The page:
As soon as I pondered the term “cool geek,” I knew I wasn’t one because those two words together combine to create an oxymoron. Part of being a geek is being uncool, at least in the traditional sense. But we don’t care about the traditional sense, do we? We’re geeks and we’re proud!
But like I said, we’re geeks so we aren’t cool. Or are we? At the very least, I think we’re cool to each other. I personally think geeks are the coolest around. Am I the only one? My friends weighed in on this after seeing the picture up at Think Geek. The general consensus was that Think Geek was cool. I agreed: Think Geek is cool. I love that site. The crafty event they’re having is cool.
I’m okay with being uncool. I was never cool. I’m not even sure what it feels like. I know some people grow up setting trends and being used to others looking at them with positive attention. I worked in the high school library. Okay? I was a good student and didn’t get into trouble. My dad was an alcoholic and life was horrible growing up, so I mostly tried to stay out of the spotlight, which I was able to do swimmingly because I was a geek.
I think one thing uncool people do is dig deeper on things that most people take at face value. So being the geeky uncool writer girl I am, I had to know more about the “being cool” phenomenon. I came across this Psyche Central article that pondered the modern definition of cool. Apparently things like sociability are cool now, at least to some people. The article said:
“The main thing is: Do I like this person? Is this person nice to people, attractive, confident and successful? That’s cool today, at least among young mainstream individuals.”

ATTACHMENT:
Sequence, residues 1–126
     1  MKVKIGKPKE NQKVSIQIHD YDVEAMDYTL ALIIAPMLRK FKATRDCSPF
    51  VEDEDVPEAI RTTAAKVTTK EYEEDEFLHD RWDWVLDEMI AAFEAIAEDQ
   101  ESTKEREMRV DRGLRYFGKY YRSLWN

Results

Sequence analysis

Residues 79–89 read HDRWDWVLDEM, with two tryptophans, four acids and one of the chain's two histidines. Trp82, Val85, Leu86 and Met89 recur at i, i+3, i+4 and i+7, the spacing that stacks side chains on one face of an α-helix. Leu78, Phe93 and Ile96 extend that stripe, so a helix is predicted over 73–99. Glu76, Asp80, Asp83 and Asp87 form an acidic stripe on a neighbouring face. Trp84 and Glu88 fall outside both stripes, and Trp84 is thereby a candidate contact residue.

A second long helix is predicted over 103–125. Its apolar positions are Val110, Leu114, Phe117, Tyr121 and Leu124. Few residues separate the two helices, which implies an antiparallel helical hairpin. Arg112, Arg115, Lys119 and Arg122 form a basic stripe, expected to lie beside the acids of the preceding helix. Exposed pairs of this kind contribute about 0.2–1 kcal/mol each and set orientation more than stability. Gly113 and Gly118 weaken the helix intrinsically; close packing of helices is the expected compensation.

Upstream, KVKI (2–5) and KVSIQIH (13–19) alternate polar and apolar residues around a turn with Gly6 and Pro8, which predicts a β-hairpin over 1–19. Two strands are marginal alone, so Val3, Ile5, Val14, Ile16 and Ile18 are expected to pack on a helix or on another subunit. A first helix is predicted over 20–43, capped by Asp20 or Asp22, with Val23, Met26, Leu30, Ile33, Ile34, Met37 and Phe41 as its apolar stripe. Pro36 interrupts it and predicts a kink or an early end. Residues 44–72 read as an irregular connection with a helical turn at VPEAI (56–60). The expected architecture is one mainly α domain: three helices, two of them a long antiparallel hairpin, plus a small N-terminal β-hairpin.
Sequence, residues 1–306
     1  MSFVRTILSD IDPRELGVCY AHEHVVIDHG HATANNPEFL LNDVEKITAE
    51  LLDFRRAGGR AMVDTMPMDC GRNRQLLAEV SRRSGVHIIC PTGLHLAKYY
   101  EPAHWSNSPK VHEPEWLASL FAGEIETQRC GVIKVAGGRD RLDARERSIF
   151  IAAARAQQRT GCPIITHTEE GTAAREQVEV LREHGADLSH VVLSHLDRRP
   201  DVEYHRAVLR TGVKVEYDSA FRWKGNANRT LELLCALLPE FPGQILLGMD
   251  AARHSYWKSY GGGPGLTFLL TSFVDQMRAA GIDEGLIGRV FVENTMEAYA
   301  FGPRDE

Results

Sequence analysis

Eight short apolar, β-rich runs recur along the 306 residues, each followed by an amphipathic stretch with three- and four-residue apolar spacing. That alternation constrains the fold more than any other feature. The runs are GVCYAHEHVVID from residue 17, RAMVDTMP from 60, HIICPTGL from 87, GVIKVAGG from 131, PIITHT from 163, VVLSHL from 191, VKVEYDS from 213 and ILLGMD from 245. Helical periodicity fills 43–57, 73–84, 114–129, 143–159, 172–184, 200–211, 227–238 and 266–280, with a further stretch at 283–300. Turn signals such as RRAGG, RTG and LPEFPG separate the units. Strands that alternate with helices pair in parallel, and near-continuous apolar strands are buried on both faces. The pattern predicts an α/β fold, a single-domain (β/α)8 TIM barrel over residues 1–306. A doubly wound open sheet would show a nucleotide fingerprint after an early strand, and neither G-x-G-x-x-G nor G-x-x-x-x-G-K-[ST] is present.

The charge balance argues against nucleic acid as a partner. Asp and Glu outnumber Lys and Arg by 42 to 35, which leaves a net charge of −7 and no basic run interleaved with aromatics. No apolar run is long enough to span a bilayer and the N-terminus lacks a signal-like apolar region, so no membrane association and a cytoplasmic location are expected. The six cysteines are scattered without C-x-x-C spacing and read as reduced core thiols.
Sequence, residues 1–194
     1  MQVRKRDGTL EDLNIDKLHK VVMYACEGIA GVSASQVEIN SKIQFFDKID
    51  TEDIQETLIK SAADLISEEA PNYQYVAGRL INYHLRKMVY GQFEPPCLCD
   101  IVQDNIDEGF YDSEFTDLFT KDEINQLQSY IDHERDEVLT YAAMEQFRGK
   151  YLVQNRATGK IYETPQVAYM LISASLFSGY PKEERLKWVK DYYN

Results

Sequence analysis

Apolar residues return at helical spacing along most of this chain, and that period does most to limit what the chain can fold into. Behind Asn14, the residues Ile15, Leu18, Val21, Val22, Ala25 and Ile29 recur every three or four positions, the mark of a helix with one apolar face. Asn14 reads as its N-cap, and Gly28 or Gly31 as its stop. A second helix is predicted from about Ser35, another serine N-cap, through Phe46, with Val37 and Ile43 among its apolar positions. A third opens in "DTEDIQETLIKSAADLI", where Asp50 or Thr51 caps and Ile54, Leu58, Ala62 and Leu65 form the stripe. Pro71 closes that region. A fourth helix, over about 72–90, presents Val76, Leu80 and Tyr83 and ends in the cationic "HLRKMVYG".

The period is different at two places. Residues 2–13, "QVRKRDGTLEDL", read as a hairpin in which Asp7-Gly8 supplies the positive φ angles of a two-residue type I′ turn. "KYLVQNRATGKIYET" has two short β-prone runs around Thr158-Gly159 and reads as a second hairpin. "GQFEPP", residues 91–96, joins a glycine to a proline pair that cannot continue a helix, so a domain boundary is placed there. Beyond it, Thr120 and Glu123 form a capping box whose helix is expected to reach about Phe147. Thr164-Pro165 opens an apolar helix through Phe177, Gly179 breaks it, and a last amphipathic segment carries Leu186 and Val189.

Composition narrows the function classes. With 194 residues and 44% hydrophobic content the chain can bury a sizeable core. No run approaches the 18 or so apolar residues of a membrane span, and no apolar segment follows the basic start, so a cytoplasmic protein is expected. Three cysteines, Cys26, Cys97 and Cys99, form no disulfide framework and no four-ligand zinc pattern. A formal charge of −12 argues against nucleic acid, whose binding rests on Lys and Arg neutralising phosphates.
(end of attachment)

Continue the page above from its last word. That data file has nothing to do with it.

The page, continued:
Uh oh. I’m not young or mainstream. So does this definition apply to what I might find cool? I read further:
“If anything, sociability is considered to be cool, being nice is considered to be cool. And in an oxymoron, being passionate is considered to be cool—at least, it is part of the dominant perception of what coolness is.”
They’re referring to the origin of the word cool, which meant being so cool you didn’t care. But guess what? I love this new definition, especially the part about coolness related to passion. All the people I think are cool are the ones who are passionate about something.
Authors fall into this category for me, especially those writing about Tudor fiction. You have to do a lot of research in order to make those books enjoyable, and you can’t do it without passion.
But it goes beyond that. Collectors are cool to me, even if I don’t think the things they collect are. Just the very fact that they search the world looking for one specific thing is cool.
And did you notice the reference to being nice in that quote? That’s a curious one, but I like it. I think people who are nice (socially likeable) are cool, because they can deal with and accept all different kinds of personalities without making people feel like losers just for being who they are. I love that.
Like, did you ever meet someone you always wanted to meet? I’ll go back to the author example because meeting my favorite writers has been a big one for me, and so many of them (most of them) have been really really nice, even when people are gushing like idiots or acting uncool. I remember seeing Bruce Campbell at a book signing. I was jammed into an aisle packed with people, but he fully embraced the geeks in the crowd as his people. That’s cool.
I also like when someone owns their geekiness. Like a football player who collects chotchkies. That would be cool. They’d be passionate about football and also about chotchkies.
You know what’s not cool? Rambling on and on… so I’ll leave it there. Let me ask you though, what do you find cool?